Public Health Preparedness for Infectious Disease

Selected Projects

Significant leveraging with extramural grants and institutions continue to expand the reach of PHPID, providing high-impact, cutting-edge, translatable, and relevant research outcomes that is becoming synonymous with The Ohio State University.


Selected 2008 high-impact activities include:

  • Kurt Stevenson, MD, MPH, and his interdisciplinary team of investigators were awarded a CDC renewal grant ($287,386) for Ohio State health network infection control collaborative: Epi-Centers for prevention of healthcare related infections.
  • Michael Ibba, PhD,  was awarded a grant from the NIH ($307,500.00) and from the NSF ($276,750.00) for research investigating Biochemistry of lysyl-tRNA synthetases;
  • Timothy Buckley, PhD,  was awarded $157,558 from Ohio Water Development Authority (OWDA) for the study: Protecting public health at Ohio inland beaches: Development of water quality indicators for recreational microbial exposures.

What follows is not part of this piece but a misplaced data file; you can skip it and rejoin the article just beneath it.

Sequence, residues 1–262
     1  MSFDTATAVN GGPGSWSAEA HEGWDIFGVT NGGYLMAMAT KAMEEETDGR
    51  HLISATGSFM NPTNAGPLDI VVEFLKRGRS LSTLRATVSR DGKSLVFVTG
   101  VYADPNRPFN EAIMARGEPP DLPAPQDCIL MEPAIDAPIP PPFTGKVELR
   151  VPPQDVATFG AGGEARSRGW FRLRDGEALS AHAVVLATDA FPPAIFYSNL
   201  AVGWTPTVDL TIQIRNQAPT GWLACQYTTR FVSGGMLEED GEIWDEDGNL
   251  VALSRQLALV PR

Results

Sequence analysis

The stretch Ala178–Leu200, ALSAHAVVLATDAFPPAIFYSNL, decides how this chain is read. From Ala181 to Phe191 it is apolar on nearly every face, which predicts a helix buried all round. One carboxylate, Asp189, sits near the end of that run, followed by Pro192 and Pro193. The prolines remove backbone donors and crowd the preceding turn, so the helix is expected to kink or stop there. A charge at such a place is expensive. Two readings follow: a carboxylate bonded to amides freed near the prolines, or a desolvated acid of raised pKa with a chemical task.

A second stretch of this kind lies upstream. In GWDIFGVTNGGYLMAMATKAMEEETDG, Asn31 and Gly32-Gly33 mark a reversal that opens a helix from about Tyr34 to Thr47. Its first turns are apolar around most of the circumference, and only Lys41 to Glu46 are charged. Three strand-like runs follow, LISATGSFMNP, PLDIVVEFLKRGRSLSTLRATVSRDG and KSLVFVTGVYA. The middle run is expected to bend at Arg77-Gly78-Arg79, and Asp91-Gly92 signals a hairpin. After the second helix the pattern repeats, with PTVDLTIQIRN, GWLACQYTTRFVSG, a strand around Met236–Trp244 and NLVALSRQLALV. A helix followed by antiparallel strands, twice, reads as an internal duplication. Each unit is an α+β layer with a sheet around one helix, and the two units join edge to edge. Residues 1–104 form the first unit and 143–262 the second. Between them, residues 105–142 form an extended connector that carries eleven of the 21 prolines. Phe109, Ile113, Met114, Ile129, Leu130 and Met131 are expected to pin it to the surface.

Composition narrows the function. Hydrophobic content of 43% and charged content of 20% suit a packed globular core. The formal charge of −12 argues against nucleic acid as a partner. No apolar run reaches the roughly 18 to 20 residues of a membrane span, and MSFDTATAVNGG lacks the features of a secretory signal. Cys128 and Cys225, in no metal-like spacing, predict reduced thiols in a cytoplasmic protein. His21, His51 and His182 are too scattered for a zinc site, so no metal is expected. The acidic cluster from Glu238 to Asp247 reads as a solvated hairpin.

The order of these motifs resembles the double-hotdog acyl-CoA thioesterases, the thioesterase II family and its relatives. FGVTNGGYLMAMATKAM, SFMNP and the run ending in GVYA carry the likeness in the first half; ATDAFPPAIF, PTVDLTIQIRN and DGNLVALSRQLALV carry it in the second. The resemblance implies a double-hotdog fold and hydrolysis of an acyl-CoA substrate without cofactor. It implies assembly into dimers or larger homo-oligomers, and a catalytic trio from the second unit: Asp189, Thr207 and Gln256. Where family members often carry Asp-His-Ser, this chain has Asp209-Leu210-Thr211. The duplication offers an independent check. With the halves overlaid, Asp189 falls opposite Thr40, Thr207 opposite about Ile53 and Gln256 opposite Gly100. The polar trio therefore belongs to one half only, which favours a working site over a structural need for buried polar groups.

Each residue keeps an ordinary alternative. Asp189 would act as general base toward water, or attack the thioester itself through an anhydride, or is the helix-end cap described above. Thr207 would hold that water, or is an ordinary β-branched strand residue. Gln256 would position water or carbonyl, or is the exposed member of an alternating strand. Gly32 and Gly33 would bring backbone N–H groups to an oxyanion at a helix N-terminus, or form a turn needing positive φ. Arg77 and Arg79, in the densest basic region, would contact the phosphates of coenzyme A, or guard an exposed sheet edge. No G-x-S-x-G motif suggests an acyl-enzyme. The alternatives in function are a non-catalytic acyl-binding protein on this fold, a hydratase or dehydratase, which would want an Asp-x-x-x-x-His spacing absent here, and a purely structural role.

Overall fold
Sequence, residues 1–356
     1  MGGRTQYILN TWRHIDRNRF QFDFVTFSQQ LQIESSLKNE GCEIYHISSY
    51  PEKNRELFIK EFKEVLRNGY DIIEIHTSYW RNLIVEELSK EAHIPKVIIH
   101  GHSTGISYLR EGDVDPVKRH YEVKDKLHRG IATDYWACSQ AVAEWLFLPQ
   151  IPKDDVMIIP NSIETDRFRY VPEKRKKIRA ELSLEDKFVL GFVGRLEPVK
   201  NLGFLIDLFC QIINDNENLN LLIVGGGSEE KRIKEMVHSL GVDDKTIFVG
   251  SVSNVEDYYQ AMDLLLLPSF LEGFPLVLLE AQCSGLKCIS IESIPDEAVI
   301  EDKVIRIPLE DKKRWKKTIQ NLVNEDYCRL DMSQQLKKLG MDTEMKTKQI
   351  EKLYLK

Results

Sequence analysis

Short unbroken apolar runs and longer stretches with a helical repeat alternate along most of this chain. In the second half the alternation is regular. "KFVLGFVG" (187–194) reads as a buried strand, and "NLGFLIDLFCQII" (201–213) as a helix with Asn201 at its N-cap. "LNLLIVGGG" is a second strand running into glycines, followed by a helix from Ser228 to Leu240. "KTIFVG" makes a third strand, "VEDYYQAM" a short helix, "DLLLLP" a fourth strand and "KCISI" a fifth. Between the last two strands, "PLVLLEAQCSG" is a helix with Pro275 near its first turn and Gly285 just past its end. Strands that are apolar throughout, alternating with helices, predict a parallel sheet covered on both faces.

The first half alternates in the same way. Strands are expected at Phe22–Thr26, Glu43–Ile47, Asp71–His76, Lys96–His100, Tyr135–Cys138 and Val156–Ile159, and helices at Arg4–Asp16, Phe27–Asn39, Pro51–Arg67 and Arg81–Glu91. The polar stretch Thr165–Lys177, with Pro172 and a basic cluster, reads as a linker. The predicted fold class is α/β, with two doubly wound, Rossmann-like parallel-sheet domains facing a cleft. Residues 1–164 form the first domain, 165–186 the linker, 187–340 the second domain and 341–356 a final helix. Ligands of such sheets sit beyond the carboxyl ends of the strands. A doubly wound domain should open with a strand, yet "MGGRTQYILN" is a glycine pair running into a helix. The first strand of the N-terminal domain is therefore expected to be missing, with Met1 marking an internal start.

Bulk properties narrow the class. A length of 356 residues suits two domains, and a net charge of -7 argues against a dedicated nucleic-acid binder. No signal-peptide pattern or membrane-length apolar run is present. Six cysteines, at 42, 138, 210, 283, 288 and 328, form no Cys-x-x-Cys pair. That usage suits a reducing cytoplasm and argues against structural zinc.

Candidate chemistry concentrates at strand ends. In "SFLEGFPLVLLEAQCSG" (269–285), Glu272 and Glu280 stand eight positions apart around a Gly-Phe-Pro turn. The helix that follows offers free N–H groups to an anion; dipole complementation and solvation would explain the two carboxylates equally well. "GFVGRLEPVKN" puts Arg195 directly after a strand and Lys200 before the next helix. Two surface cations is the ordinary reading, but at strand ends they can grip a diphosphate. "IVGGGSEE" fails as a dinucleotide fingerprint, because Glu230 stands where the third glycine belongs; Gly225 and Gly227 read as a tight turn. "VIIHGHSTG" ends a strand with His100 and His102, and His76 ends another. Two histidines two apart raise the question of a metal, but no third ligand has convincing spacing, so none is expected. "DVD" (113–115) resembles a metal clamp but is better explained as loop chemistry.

• Richard Slemons, DVM, was awarded a grant ($232,301) from the University of Maryland for prevention and control of avian influenza in the US.
  • Michael Oglesbee, DVM,  was awarded a grant from the NIH NIAID ($224,840) for his work investigating heat shock protein modulation of paramyxoviral diseases.
  • Karl Werbovetz, PhD,  was awarded a grant ($141,847) from the University of North Carolina for his work developing new drugs to treat Leishmaniasis in late stage human African trypanosomiasis;
  • Susan Koletar, MD, was awarded a renewal grant from the NIH NIAID ($1,223,531) for The Ohio State University AIDS Clinical Trials Unit.
  • Joanne Turner, PhD, was awarded a grant from the NIH NIAID entitled “Immune correlates of reactivation tuberculosis ($3,125,000). The goals of this project are to define the immunological signatures of susceptibility to tuberculosis. Correlates that are actively being studied are the role of IL-10 and CD8 T cells in driving tuberculosis disease progression.
  • Daniel Wozniak, PhD, was awarded a grant from the NIH NIAID “Control of P. aeruginosa algD transcription ($2,241,000). The overall objectives of this study are to understand the molecular basis for high-level expression of alginate in mucoid P. aeruginosa strains and the coordinate regulation between alginate synthesis and motility.